BobZ
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dank
Ex Member



Re: Imperial SO has problems, need help
Reply #53 - 02/05/06 at 12:08:15
 
I have 3 more graphs that may shed light.  The graphs go from 20 hz to 20khz, keep in mind that we are really only interested in the 20 - 200 hz range.  Also disregard the blue line, all the information is in the green line.  I think I'll admit that the steep ramp up (looks like about 24 db per octave) is due to the poor speaker choice for this application, but the responce from 70 to 200 hz is what seems to have a very serious problem, and I'd sure like to know what it is.  The 3 graphs are 1)  front panel removed - this should act just like a speaker in a 5 cubic foot sealed box not coupled to the horn at all.  2)  with front panel - normal Imperial SO.  3)  with a solid board covering up the front panel so all the speaker energy goes into the horn.

http://www.mninter.net/~kuechle/open_ft.jpg

http://www.mninter.net/~kuechle/slot_ft.jpg

http://www.mninter.net/~kuechle/solid_ft.jpg

Dank



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bassboy
Ex Member



Re: Imperial SO has problems, need help
Reply #54 - 02/08/06 at 21:20:18
 
Here's my two cents.  I didn't bother to look at any of your pictures or graphs because it's not really necessary.  (And I have a dial up connection)  The design of this subwoofer is solid.  As far as I can tell it appears to be in the area of a 35-38 hertz horn with a flare inspired by the tractrix contour.  I have done a lot of research and this is a great design.  I am assuming that you did a good job building it.  I am assuming it is absolutely airtight where it should be.  Assuming these things there are only three varibles left - the driver, the hole in the front and room position.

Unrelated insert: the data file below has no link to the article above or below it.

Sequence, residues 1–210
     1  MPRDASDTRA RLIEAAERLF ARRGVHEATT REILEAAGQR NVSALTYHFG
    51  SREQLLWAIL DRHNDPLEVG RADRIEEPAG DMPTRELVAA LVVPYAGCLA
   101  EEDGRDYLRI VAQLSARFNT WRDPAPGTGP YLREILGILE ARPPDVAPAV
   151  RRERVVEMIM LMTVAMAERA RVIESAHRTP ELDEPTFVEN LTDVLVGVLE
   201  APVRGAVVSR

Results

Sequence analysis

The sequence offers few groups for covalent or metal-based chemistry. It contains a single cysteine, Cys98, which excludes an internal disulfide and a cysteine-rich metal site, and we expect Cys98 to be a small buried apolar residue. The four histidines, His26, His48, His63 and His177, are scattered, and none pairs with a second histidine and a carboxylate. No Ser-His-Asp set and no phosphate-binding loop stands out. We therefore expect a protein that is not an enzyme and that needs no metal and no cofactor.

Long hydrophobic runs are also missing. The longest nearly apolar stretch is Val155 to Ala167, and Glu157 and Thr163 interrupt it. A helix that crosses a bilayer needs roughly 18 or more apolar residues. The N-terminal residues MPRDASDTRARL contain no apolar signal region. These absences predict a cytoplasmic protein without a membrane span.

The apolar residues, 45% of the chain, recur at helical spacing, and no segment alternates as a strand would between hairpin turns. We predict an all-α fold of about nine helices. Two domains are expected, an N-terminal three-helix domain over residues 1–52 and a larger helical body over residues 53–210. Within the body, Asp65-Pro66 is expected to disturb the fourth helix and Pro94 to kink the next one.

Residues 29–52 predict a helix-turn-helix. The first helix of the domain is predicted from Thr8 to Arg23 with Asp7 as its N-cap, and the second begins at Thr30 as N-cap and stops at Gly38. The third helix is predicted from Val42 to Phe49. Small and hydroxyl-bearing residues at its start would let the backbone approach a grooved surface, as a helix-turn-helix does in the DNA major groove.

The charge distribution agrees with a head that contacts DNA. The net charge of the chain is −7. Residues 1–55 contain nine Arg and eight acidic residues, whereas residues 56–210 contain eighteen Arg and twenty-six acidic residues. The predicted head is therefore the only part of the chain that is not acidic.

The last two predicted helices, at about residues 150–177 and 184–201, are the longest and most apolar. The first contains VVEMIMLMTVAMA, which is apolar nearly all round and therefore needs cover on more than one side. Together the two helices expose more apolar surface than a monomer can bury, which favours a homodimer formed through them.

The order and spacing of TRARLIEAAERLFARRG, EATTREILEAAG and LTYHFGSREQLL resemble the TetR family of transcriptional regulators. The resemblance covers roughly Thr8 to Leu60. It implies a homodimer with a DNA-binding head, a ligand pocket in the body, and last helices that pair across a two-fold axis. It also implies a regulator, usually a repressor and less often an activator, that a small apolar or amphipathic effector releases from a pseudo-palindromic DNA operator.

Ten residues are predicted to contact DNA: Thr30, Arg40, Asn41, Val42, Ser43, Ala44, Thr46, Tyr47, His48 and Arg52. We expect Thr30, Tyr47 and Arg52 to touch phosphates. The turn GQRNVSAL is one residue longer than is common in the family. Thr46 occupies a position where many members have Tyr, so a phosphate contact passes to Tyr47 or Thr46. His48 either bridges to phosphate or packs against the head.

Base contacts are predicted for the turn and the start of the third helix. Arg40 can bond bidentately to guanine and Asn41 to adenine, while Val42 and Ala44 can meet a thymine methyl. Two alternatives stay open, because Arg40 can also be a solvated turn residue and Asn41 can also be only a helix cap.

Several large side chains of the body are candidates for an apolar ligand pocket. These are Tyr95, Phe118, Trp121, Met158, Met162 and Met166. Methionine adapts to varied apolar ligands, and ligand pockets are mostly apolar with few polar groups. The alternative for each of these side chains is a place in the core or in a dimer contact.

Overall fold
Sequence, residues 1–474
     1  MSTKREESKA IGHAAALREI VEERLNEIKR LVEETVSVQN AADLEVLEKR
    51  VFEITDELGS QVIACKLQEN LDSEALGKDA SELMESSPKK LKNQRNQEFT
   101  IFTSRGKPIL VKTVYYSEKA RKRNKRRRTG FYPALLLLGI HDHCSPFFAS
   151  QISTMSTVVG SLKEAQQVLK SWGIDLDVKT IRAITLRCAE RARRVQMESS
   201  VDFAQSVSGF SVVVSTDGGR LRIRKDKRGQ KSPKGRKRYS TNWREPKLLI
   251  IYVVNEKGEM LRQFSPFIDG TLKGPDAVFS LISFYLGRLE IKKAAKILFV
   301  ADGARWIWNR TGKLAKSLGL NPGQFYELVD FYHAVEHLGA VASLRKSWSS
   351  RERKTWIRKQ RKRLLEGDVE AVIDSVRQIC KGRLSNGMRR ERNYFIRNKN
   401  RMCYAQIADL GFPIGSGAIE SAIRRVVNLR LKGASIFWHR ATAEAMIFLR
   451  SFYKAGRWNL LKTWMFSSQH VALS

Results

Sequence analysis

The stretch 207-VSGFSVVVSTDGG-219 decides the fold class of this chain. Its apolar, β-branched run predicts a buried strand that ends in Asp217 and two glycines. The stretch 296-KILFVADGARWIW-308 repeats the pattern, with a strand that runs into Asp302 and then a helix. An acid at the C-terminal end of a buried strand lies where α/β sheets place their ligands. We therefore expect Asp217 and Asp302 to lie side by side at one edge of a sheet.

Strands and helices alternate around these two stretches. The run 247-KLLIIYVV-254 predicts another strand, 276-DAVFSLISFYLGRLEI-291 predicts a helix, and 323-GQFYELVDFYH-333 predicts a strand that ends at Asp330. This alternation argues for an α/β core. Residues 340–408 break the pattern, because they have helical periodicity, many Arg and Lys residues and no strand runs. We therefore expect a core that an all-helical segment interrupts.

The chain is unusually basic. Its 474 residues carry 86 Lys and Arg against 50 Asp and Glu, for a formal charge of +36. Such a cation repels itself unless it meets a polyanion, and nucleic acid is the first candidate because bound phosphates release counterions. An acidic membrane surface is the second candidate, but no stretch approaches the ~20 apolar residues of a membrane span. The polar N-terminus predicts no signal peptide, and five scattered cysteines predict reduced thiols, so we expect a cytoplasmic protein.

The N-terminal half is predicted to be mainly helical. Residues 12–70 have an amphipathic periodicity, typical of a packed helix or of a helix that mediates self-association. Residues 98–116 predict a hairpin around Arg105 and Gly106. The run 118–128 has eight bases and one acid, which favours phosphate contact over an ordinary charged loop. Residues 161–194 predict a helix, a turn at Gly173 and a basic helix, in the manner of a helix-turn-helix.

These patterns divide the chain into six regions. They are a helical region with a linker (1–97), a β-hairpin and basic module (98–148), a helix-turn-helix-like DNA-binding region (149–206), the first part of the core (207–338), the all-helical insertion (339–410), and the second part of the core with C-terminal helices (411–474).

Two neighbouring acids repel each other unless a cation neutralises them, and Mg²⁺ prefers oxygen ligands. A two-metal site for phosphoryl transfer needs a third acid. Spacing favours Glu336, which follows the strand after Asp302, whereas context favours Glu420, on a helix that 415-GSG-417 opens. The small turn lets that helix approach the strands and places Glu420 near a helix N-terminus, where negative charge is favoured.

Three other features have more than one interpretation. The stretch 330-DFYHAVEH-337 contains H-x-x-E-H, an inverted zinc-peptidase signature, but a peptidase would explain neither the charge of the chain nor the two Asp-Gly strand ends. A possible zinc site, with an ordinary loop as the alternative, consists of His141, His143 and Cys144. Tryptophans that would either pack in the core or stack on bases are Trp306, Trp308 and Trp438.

The hole in the front of the driver is NOT NECESSARY.  If it is doing what it is supposed to do, great, by all means it improves on the overall design.  If not, and it obviously isn't helping you, cover it up.  It won't hurt anything and you can rest assured that is how it is usually done anyway.

I would try a smaller driver, or one with a smaller vas.  Or restore the chamber to original size.  It's not going to hurt anything and you really don't need to try to max out this box, trust me.

That leaves the room position.  Consider this - I spent about 20 hours making my Imperial from the 1956 plans.  I spent about 5 hours modifying it to make it a front loaded design, similar to yours, and many other horn plans available on the internet.  (Without the slot, of course, simple as possible works well for me.)  I have spent over 60 hours listening to this thing and adjusting it's position.  It's still not perfect, but here is what I found.